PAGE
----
User Generated Content: How hotel guests can create a buzz for you

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Before the arrival of the internet and the proliferation of social media, it used to be the case that the only way for hotels to increase brand awareness and get a business name ‘out there’ was to pay for advertising, whether it was in newspapers, magazines or via tour operators. However, the advent of new technology has resulted in a complete paradigm shift and ads are no longer the powerhouse they once were.

Indeed, research has discovered that while 19 per cent of Millennials trust online banner ads from brands, 49 per cent trust peer reviews. Meanwhile, an infographic from Stackla shows that 52 per cent of people taking a summer holiday use social media and especially photos for inspiration, 76 per cent say online reviews from fellow travellers give them insider knowledge not available elsewhere and 92 per cent trust earned media like recommendations from friends above all other forms of advertising. Things like hotel reviews and photos of resorts posted on Twitter are what’s known as User Generated Content (UGC) – literally content created by people using a brand’s products or services rather than the company itself. It’s huge news whatever industry you’re in – for example, fast food outlets like Starbucks and drinks firms including Coca Cola have both carried out hugely successful UGC marketing that resulted in significantly increased word of mouth.

However, making the most of UGC could be essential for hotels in an ever-more crowded market in which properties must stand out from the crowd in order to generate bookings.

Why use UGC?

In case you haven’t already been persuaded that UGC is essential in the modern marketing environment, here are a few more pointers to convince you. Firstly, 40 per cent of Millennials rely specifically on UGC to inform their travel plans, Stackla found. If you don’t make an effort to contact them and engage with them in this way, you could be missing out on a large proportion of your potential customer base – and they have increasingly big wallets. Another good point is the fact that UGC doesn’t cost you anything and could even reduce the amount you need to spend on populating your website with your own content – your hotel guests are doing your job for you. In addition, gaining more mentions will boost your SEO performance naturally, giving you better search engine rankings without you having to worry about being penalised by the likes of Google by trying to do it yourself.

Since businesses now need a presence on channels such as Twitter, Facebook and a variety of other outlets as standard these days, it could also be argued that you might as well give UGC a try. It will help to fill up your news feeds and ensure your social media portals are regularly updated – empty pages aren’t much use to anyone. Fourthly, UGC is a great way of increasing engagement with your customers and ensuring they feel valued by your brand, which might just encourage them to think of you when they next need ot make a hotel booking. Finally, there is considerable evidence in the travel industry to show that UGC works in real terms. Going back to Stackla’s infographic again, Hamilton Island saw a twofold increase in social return on investment in the months after it launched its social hub full of UGC. This is just one example of how one location benefited, but there are many more – and they should persuade you to give UGC a try.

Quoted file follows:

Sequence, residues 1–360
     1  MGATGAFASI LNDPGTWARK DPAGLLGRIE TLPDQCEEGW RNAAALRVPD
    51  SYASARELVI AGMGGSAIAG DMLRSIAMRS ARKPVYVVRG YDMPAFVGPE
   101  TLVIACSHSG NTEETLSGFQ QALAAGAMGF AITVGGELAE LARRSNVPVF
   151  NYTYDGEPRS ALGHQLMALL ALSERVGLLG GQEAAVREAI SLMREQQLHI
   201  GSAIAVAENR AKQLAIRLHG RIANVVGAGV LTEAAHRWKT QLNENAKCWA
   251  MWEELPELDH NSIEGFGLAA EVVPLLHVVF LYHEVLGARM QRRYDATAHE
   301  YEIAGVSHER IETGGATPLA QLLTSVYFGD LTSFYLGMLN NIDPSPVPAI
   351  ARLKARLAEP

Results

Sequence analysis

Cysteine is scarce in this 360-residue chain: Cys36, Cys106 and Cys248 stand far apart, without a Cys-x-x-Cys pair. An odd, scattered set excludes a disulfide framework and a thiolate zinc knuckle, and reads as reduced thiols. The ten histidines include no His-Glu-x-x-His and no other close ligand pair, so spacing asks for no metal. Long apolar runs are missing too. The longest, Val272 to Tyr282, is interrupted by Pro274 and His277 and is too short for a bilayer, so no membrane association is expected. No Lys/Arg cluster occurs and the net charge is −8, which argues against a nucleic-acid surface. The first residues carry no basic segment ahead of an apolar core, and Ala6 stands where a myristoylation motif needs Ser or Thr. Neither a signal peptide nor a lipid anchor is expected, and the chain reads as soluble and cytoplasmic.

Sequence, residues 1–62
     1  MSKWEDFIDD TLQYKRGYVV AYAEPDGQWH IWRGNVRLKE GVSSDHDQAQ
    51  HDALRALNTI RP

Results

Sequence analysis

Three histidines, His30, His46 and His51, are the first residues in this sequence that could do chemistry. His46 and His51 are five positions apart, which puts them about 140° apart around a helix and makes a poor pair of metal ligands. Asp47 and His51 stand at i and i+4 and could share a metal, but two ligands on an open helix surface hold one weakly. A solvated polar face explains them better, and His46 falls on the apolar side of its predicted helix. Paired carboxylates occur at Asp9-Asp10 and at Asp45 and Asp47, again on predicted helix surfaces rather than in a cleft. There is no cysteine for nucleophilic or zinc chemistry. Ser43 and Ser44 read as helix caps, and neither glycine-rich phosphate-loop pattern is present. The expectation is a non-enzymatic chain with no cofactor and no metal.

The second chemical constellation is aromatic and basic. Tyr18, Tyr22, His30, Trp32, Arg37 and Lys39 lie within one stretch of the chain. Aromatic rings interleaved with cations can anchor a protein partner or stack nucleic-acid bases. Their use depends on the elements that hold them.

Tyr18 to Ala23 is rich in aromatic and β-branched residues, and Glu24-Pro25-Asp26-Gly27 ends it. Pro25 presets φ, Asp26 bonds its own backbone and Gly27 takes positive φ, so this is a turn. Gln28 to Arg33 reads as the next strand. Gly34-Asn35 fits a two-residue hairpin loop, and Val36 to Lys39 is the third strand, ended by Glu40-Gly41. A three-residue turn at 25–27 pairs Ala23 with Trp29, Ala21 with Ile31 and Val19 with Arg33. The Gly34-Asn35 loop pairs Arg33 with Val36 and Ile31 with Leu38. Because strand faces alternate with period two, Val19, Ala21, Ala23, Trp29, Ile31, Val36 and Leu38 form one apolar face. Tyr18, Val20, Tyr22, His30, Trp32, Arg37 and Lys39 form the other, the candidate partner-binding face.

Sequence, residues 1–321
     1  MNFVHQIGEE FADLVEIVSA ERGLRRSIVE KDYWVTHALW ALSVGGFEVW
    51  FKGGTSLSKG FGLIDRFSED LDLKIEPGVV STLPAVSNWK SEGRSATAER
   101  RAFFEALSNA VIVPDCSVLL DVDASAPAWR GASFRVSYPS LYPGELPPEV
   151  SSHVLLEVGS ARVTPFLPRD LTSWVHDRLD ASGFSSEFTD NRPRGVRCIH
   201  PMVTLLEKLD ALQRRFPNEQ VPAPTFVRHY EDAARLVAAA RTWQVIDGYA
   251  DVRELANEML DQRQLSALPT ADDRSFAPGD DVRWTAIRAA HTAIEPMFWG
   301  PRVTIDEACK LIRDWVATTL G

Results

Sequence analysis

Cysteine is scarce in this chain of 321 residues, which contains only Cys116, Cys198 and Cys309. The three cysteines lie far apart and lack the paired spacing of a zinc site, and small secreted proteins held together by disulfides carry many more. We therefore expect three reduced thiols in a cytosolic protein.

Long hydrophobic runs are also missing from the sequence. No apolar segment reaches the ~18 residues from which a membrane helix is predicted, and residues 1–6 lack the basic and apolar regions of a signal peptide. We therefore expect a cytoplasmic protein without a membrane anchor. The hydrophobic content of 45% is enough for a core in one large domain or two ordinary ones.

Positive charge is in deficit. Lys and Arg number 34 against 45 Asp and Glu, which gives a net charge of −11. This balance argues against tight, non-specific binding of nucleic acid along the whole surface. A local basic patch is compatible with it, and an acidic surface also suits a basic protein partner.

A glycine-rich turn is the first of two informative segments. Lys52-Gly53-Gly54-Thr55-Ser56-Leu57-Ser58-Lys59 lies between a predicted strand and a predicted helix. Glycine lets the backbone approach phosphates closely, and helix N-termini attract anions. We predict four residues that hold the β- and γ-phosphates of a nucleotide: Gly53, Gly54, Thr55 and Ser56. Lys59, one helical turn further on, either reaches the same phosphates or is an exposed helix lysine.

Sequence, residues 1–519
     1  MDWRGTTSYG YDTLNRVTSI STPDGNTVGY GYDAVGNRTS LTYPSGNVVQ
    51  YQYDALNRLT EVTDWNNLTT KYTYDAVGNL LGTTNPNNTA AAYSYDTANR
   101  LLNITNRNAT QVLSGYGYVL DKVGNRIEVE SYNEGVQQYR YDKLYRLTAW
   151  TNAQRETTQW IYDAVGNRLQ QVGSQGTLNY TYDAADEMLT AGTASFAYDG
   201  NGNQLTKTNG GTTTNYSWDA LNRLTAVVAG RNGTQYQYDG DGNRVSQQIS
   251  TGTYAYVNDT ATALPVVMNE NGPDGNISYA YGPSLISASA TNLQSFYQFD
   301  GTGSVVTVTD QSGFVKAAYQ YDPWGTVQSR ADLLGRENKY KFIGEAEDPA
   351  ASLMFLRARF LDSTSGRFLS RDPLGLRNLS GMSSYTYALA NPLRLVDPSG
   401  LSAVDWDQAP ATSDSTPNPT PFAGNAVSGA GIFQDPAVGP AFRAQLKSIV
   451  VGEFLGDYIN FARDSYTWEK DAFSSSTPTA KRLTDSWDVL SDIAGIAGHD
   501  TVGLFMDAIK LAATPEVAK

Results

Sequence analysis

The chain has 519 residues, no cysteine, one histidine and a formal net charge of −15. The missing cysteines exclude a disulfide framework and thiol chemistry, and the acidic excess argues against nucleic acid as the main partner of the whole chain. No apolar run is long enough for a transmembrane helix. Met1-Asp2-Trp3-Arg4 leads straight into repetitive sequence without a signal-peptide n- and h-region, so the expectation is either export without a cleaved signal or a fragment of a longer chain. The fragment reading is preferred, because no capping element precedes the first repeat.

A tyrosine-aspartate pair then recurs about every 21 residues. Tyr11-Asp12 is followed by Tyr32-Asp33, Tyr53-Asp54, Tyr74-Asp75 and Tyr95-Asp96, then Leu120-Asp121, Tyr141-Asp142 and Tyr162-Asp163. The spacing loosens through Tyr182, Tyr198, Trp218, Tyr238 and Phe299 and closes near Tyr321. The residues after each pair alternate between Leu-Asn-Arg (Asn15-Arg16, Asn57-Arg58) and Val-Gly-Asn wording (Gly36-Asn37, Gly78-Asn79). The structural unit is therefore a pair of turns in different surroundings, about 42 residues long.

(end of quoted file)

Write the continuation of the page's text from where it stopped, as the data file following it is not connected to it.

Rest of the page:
How to generate UGC

It’s important to remember that UGC can include a wide range of different things, from blog posts and social media updates to Instagram snaps and reviews, so think creatively when coming up with campaigns. Some top tips include:

1.    Always use hashtags

First widely used on Twitter, hashtags have now become ubiquitous and apply across an array of channels, including Facebook. If you want to get people talking about your hotel, create a hashtag and encourage guests to use it. You can do this by adding it to your own social media posts and even printing it on the bottom of your hotel paraphernalia, such as ‘do not disturb’ signs. This way, all UGC with the tag will be easily searchable, gathered together in the same place – and could even end up trending.

2.    Host contests and giveaways

People love getting something for nothing, so offer them the chance to win prizes such as free stays and merchandise if they leave a review, for example, or post a holiday photograph on Instagram. You’ll get lots of publicity and encouragement for other people to make bookings, and they’ll have the chance to win something fun.

3.    Make it easy to leave reviews

Many people now leave travel reviews after going on holiday and you can collect a catalogue of them on your own website if you create a portal on which to leave them. Okay, so some might not be favourable, but if you strive to offer the best possible service you can, the majority should be – and they can be hugely persuasive for people considering making a booking for the first time.

4.    Ask questions

Sometimes a prompt is all people need to get chatting about your brand, so post questions on your social media channels like ‘what was your best ever holiday?’ or ‘what do you love to eat when you’re abroad?’. This will make you seem much more interesting – and interested in your customers.

5.    Mop up loose ends

Sometimes people can be shy about leaving UGC, so encourage them by specifically inviting them to do so. A great method is to send a follow-up email after a stay inviting them to leave a review. This is a winning tactic used by Amazon for its products, so it’s well worth giving it a try.